There has never been a better time than now to try making bread at home.
Don’t be intimidated! Here is a how-to baking guide that you can use, whether you are baking the old-fashioned way, or using a bread maker:
You don’t need fancy equipment, and your worksurface can be a counter. You’ll need bowls, and measuring cups and spoons.
A must for making bread is yeast. There are a variety of yeasts to use, but the most popular is active dry yeast. You activate the yeast by putting it in warm water a few minutes before use.
Flour is another essential ingredient, and there are different flours, like all purpose. When using all purpose flour, be sure to choose unbleached.
With salt, be sure to stick to what the recipe asks for, because table salt and kosher salt are not interchangeable
Don’t skip salt, either. Salt brightens the flavor of baked goods.
The water used for mixing should be around 80 degrees F, while the water used for activating yeast should be 110 degrees F.
Enriched breads like brioche will include butter, eggs and milk, which not only contribute to hydration, but also to tenderness, flavor and color. Usually, recipes will call for unsalted butter, large eggs and whole milk.
One thing that all breads need is time. Be sure to allow fermentation and proofing the time they need. The longer the dough rests, the more flavorful it will be.
Start by kneading the dough on a lightly floured surface.
Kneading mixes the flour and liquid ingredients to form the gluten structure that will lead to the bread’s final texture.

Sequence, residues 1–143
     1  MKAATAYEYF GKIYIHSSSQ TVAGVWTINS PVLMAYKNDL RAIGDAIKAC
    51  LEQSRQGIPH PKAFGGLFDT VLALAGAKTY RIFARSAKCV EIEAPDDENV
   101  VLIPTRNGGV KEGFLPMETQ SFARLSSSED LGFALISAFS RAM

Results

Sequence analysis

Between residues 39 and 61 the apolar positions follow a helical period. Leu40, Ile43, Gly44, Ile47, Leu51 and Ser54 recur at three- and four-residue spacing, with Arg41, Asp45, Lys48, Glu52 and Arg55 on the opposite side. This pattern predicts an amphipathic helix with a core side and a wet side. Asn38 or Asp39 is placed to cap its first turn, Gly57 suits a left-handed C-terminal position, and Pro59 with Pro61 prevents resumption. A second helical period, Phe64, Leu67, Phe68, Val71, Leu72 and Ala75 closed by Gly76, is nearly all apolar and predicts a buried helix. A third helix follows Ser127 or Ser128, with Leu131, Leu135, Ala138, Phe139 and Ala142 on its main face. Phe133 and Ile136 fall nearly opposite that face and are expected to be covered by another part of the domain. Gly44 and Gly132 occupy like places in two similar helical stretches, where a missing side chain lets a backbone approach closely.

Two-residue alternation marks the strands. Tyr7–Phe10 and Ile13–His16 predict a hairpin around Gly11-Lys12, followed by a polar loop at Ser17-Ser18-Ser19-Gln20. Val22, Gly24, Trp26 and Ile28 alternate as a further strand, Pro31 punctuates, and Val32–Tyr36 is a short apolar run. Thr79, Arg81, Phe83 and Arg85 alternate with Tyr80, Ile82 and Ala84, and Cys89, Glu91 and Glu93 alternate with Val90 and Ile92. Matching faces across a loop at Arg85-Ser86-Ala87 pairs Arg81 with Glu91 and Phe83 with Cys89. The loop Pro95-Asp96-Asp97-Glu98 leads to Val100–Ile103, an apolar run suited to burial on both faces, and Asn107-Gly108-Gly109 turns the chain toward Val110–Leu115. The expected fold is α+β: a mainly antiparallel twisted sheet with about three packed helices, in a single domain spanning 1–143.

You can do this with a dough hook on your mixer, or by hand. When kneading by hand, you shouldn’t push hard enough to tear the dough, or knead so long that it toughens the bread. The dough should be soft and supple.
Let the dough sit to ferment and proof. The yeast is doing its magic! It is creating flavor and producing the carbon dioxide that creates a light and airy texture. Fermenting is also known as the first rising, and proofing is the final rising.
When the proofing is done, the dough will look fuller and will have doubled in size.
You can actually take the temperature of bread to see if it is done! It should be 190 degrees F.
Other ways to tell if it is done is by color, which is a few shades darker than golden brown, by feel, which is light, by sound, which is hollow when tapped, and by smell which is toasted and nutty.
5. Bread Makers
Bread makers can give you fresh bread with the same four ingredients and less labor. You load the ingredients into the bread machine tin, then place the bread pan in the machine, and choose the program and bread you want.
The baking process takes between 2 and 5 hours.
There is nothing quite the same as home made bread. Try it!